Look Up, San Antonio! A Walking Tour of San Antonio, Texas
There is no better way to see America than on foot. And there is no better way to appreciate what you are looking at than with a walking tour. This walking tour of San Antonio, Texas is ready to explore when you are. Each walking tour describes historical, architectural landmarks, cultural sites and ecclesiastic touchstones and provides step-by-step directions. More
There is no better way to see America than on foot. And there is no better way to appreciate what you are looking at than with a walking tour. Whether you are preparing for a road trip or just out to look at your own town in a new way, a downloadable walking tour from walkthetown.com is ready to explore when you are.
Each walking tour describes historical and architectural landmarks and provides pictures to help out when those pesky street addresses are missing. Every tour also includes a quick primer on identifying architectural styles seen on American streets.
It all begins with the river. The meandering, cottonwood-shaded, unhurried river that takes 15 miles to traverse about six miles of San Antonio downtown real estate. Payaya Indians settled along its banks for thousands of years and Spanish explorers and missionaries were pulled to its waters when they began arriving in the 1690s and named the place after Saint Anthony of Padova in Italy.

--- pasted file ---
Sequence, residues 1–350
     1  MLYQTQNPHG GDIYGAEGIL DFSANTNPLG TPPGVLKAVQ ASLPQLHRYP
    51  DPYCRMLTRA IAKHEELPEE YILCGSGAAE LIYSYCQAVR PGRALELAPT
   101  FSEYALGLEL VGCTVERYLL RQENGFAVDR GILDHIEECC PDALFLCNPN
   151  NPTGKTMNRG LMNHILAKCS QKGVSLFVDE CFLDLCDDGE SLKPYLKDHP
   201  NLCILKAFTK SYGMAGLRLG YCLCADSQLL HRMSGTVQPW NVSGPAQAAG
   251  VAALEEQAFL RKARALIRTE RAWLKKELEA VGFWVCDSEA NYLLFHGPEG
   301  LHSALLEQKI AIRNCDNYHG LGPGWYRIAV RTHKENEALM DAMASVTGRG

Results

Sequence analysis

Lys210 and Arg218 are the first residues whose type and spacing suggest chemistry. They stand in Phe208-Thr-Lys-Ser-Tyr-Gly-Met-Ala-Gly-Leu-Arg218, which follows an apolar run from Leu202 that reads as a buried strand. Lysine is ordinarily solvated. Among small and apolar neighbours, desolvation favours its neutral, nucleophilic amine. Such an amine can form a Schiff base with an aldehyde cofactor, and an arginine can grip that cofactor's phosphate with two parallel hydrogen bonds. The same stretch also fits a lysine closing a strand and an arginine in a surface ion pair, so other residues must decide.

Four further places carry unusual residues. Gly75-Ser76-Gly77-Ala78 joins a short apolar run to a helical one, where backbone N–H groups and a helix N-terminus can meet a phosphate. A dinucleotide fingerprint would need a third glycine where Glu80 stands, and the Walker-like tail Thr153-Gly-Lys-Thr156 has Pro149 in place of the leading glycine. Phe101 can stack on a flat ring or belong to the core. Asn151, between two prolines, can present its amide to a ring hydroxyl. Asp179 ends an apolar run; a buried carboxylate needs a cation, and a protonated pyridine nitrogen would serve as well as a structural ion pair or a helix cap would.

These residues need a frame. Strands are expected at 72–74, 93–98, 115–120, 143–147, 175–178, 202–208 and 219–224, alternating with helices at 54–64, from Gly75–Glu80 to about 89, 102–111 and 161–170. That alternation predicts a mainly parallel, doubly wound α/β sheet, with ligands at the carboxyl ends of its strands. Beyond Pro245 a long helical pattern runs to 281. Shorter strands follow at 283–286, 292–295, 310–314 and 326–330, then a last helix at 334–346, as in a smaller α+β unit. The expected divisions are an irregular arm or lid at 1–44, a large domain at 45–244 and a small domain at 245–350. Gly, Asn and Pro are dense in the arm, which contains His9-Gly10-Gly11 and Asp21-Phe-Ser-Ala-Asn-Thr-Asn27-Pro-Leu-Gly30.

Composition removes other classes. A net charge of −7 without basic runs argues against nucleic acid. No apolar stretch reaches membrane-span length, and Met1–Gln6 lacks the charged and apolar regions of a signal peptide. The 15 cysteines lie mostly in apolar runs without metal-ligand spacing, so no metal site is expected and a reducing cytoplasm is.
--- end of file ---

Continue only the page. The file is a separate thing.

The settlement became a natural military center and in 1718 the first of five Spanish missions was established around the San Antonio River. It was called Mission San Antonio de Valero and would later be remembered as the Alamo, a nickname started by the Mexicans gleaned from the surrounding cottonwoods that it would acquire after the mission system was abandoned in the 1790s. The missions were consolidated into San Antonio de Bexar, the capital of Texas Province.
The Mexicans and Spanish tussled over this land until the Mexicans secured independence from Spain in 1821. The new Mexican government at first encouraged American settlement but it wasn't long before these new arrivals to the province of Texas were agitating for their own independence, especially after newly elected Mexican President Antonio Lopez de Santa Anna rescinded the Mexican Constitution in 1833. Kentuckian Benjamin Milam led a contingent of Texans to capture San Antonio in December of 1835 but leader of the Texas Rebellion, Sam Houston, didn't believe the capital could be held and called for the rebel forces to flee San Antonio.
The volunteers, with such now legendary names as James Bowie and Davy Crockett, under the leadership of 26-year old William Barrett Travis thought otherwise. Somewhere between 182 and 257 Anglo and Hispanic Texans fortified the Alamo mission and made a stand against some 1,500 Mexican invaders who arrived under Santa Anna on February 23. After a twelve-day siege the Mexicans stormed the mission on March 6, 1835 and all the defenders were killed or captured and executed.
In the aftermath of the Battle of the Alamo its defenders were martyred, Texas gained its independence the following month and became part of the United States a decade later, the mission was preserved in the center of the city which became the largest in the state for the rest of the century, San Antonio got a nickname and Texas got its best-known and most-visited tourist attraction. And that is where our walking tour will begin...